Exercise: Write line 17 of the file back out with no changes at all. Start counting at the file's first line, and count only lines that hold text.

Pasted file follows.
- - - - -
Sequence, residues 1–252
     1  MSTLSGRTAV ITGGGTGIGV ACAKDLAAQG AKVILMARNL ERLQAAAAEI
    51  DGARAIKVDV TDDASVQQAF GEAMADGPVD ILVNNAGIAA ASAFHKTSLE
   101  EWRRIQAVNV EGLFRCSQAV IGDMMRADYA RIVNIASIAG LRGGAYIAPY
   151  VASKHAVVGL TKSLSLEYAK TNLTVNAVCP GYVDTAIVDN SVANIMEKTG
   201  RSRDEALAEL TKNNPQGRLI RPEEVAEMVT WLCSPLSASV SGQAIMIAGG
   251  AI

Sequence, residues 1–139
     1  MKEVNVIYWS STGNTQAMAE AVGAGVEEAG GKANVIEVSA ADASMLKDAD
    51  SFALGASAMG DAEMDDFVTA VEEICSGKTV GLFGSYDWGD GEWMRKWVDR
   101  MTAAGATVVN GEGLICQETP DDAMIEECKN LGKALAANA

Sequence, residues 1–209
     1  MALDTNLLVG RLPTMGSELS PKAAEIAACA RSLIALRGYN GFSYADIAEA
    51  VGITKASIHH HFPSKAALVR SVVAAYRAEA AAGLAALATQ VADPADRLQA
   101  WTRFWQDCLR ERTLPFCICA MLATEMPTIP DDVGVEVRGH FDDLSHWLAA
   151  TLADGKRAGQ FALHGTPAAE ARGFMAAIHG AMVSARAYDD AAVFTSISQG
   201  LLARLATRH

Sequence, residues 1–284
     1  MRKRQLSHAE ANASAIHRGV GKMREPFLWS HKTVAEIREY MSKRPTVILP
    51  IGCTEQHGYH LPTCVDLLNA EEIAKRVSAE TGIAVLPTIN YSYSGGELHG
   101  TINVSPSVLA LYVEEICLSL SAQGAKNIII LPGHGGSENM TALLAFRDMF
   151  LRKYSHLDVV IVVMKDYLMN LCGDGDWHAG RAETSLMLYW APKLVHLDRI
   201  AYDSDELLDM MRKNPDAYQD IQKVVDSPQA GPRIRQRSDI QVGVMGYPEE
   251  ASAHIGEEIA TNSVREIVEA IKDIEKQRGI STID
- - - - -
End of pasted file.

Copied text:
   201  LLARLATRH